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You are here:Home>>Strategic Research & Analysis>>Africa: Seeing beyond the stereotypes
Saturday, 30 March 2013 20:16

Africa: Seeing beyond the stereotypes

Written by Richard Firth
Photograph: Africa Renewal / John Gillespie Photograph: Africa Renewal / John Gillespie

More than half of Africa's one billion population has a mobile phone - and not just for talking. The power of telephony is forging a new enterprise culture, from banking to agriculture to healthcare. Africa has experienced an incredible boom in mobile phone use.

In 1998, there were fewer than four million mobiles on the continent. Today, there are more than 500 million. In Uganda alone, 10 million people, or about 30% of the population, own a mobile phone, and that number is growing rapidly every year.


In the west, we have been adapting mobile phones to be more like our computers: the smartphone could be described as a PC for your pocket. In Africa, where a billion people use only 4% of the world's electricity, many cannot afford to charge a computer, let alone buy one. The most dramatic example of this is mobile banking.


Mobile phones carry huge economic potential in undeveloped parts of Africa. A 2005 London Business School study found that for every additional ten mobile phones per 100 people in a developing country, GDP rises by 0.5%. As well as enabling communication and the movement of money, mobile networks can also be used to spread vital information about farming and healthcare to isolated rural areas vulnerable to the effects of drought and disease. Fewer than four out of 100 Africans currently use the internet, and broadband penetration is below 1%. Texting isn't just for late night conversations and killing boredom - it's used to conduct business all over Africa.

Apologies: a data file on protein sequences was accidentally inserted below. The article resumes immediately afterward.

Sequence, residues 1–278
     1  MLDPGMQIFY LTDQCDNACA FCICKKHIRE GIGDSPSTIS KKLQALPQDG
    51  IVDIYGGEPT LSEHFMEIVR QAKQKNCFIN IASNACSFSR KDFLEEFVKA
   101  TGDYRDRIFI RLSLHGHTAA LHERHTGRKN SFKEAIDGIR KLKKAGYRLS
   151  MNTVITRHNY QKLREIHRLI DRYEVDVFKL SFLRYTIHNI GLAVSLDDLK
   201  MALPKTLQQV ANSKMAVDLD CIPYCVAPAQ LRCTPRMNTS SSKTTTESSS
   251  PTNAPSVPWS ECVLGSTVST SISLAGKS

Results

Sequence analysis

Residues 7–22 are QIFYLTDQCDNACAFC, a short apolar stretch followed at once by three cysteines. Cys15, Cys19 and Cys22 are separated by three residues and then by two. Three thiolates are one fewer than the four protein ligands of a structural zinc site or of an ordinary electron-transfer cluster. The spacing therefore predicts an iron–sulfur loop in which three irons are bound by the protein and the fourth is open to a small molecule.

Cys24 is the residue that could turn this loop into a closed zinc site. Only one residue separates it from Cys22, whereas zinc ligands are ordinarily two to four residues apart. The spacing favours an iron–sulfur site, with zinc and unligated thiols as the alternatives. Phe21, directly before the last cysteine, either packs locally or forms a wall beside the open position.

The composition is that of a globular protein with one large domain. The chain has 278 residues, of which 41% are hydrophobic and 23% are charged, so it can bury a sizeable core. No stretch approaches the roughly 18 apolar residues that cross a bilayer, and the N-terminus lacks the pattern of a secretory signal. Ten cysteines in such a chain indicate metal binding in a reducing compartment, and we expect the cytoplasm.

Underestimating the potential of Africa


People in the West are fundamentally uneducated about Africa. And it's not only the people in the street, even the educated classes know little about the continent. That's why companies and institutions systematically underestimate the potential of Africa. Two stereotypes dominate Europe's image of Africa. The crisis stereotype emphasises hunger, poverty, conflicts, corruption and widespread mismanagement, thus creating an image of helplessness, incompetence and inferiority.


The exotic stereotype accentuates the natural beauty of the landscapes, the colourful cultures expressed in textiles, music and artefacts, the mysticism and the smiles of the poor.


While both stereotypes have more than a grain of truth in them, at least two important aspects are lost in the caricatures: first, Africa's many important assets outside and beyond the stereotypes, such as widespread vibrant entrepreneurship, sophisticated intellectual elites and the ambition to be seen as a respected partner in the global community; and second, the diversity between regions, countries, cultures and socio-economic classes.